of love-stories. The hunting, I thought, must soon go, and I would
not therefore allow that to keep me in the country. And then, why
should I live at Waltham Cross now, seeing that I had fixed on that
place in reference to the Post Office? It was therefore determined
that we would flit, and as we were to be away for eighteen months,
we determined also to sell our furniture. So there was a packing up,
with many tears, and consultations as to what should be saved out of
the things we loved.

As must take place on such an occasion, there was some heart-felt
grief. But the thing was done, and orders were given for the letting
or sale of the house. I may as well say here that it never was let,
and that it remained unoccupied for two years before it was sold. I
lost by the transaction about £800. As I continually hear that other
men make money by buying and selling houses, I presume I am not well
adapted for transactions of that sort. I have never made money by
selling anything except a manuscript. In matters of horseflesh I am
so inefficient that I have generally given away horses that I have
not wanted.

When we started from Liverpool, in May 1871, _Ralph the Heir_ was
running through the _St. Paul's_. This was the novel of which Charles
Reade afterwards took the plot and made on it a play. I have always
thought it to be one of the worst novels I have written, and almost
to have justified that dictum that a novelist after fifty should not
write love-stories. It was in part a political novel; and that part
which appertains to politics, and which recounts the electioneering
experiences of the candidates at Percycross, is well enough.
Percycross and Beverley were, of course, one and the same place.
Neefit, the breeches-maker, and his daughter, are also good in their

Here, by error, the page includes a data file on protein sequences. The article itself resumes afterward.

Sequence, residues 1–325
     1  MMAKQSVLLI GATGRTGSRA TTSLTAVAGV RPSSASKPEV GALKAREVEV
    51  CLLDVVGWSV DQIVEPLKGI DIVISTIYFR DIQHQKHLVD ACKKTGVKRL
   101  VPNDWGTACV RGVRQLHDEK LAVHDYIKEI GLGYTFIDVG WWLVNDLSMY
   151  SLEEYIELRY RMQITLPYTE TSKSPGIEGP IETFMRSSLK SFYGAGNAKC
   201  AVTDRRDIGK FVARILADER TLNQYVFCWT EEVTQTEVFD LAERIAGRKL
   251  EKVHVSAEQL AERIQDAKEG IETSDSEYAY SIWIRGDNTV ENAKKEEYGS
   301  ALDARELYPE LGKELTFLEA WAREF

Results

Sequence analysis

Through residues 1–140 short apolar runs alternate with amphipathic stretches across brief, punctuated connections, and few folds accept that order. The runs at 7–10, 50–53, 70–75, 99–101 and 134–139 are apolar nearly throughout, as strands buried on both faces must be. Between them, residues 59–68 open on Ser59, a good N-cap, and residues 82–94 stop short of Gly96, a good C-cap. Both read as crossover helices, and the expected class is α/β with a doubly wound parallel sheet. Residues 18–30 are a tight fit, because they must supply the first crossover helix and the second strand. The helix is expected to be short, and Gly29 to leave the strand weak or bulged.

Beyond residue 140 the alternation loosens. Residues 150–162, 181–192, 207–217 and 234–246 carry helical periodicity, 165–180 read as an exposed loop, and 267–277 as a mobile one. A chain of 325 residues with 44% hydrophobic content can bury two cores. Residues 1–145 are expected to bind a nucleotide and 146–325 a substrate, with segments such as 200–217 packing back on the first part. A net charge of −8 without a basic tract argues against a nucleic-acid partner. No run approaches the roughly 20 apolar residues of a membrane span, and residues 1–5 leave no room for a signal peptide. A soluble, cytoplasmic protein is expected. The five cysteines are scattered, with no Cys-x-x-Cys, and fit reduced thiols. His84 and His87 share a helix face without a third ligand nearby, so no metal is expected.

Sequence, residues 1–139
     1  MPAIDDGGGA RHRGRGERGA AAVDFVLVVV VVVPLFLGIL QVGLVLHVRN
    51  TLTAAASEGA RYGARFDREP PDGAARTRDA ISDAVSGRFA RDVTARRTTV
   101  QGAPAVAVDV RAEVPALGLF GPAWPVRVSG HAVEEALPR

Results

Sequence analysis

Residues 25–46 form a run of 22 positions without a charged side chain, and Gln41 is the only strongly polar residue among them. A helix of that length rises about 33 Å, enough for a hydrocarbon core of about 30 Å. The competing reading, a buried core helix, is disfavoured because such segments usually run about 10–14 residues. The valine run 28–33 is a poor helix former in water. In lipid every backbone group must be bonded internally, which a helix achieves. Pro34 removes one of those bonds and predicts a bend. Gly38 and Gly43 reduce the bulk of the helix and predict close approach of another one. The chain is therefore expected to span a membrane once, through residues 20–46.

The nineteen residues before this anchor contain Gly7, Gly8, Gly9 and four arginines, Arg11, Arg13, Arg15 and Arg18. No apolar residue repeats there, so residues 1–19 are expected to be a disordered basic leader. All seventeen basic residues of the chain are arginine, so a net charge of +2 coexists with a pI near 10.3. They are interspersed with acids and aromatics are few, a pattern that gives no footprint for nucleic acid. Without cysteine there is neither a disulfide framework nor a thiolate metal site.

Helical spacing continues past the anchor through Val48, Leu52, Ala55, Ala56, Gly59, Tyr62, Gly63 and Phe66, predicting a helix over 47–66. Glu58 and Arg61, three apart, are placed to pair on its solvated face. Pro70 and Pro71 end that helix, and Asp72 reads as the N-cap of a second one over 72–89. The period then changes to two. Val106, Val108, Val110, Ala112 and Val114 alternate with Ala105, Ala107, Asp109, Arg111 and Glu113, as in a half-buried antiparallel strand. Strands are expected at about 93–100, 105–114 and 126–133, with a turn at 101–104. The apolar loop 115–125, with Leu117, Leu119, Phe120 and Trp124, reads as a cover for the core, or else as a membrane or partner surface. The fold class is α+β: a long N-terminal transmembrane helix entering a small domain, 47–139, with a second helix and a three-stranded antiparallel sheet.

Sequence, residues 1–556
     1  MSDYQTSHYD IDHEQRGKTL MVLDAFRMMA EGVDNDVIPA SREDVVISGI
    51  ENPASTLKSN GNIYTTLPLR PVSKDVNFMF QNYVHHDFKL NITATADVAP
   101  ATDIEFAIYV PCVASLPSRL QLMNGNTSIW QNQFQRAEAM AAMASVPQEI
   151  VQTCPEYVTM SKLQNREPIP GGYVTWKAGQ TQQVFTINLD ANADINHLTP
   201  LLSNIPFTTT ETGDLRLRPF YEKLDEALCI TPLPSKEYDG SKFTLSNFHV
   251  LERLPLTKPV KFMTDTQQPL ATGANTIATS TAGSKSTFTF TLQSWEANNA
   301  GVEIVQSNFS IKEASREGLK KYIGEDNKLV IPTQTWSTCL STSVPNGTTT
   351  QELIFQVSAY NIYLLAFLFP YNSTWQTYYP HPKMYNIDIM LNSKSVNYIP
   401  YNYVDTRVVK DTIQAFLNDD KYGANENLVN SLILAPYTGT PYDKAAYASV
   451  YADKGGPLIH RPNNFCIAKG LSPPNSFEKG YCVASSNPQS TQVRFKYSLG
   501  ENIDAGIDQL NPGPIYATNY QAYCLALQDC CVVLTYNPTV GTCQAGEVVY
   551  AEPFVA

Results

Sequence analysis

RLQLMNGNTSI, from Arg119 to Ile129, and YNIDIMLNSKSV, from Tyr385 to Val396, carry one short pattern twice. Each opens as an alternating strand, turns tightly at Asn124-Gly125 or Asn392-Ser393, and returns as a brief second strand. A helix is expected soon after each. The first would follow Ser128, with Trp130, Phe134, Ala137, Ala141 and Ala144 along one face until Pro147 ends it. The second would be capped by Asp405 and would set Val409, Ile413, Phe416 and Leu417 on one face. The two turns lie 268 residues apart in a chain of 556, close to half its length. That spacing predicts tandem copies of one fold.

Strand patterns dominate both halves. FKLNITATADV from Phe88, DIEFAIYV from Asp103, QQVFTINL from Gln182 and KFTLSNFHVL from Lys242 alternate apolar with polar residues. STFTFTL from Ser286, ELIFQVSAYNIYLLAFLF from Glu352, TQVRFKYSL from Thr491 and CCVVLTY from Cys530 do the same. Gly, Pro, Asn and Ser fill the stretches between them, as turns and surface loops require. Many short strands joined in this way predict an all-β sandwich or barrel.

way, - and Moggs, the daughter's lover, who was not only lover, but
also one of the candidates at Percycross as well. But the main thread
of the story, - that which tells of the doings of the young gentlemen
and young ladies, - the heroes and the heroines, - is not good. Ralph
the heir has not much life about him; while Ralph who is not the
heir, but is intended to be the real hero, has none. The same may be
said of the young ladies, - of whom one, she who was meant to be the
chief, has passed utterly out of my mind, without leaving a trace of
remembrance behind.

I also left in the hands of the editor of _The Fortnightly_, ready
for production on the 1st of July following, a story called _The
Eustace Diamonds_. In that I think that my friend's dictum was
disproved. There is not much love in it; but what there is, is good.
The character of Lucy Morris is pretty; and her love is as genuine
and as well told as that of Lucy Robarts or Lily Dale.

But _The Eustace Diamonds_ achieved the success which it certainly
did attain, not as a love-story, but as a record of a cunning little
woman of pseudo-fashion, to whom, in her cunning, there came a series
of adventures, unpleasant enough in themselves, but pleasant to the
reader. As I wrote the book, the idea constantly presented itself to
me that Lizzie Eustace was but a second Becky Sharpe; but in planning
the character I had not thought of this, and I believe that Lizzie
would have been just as she is though Becky Sharpe had never been
described. The plot of the diamond necklace is, I think, well
arranged, though it produced itself without any forethought. I had no
idea of setting thieves after the bauble till I had got my heroine to
bed in the inn at Carlisle; nor of the disappointment of the thieves,
till Lizzie had been wakened in the morning with the news that her
door had been broken open. All these things, and many more, Wilkie
Collins would have arranged before with infinite labour, preparing
things present so that they should fit in with things to come. I
have gone on the very much easier plan of making everything as it
comes fit in with what has gone before. At any rate, the book was
a success, and did much to repair the injury which I felt had come
to my reputation in the novel-market by the works of the last few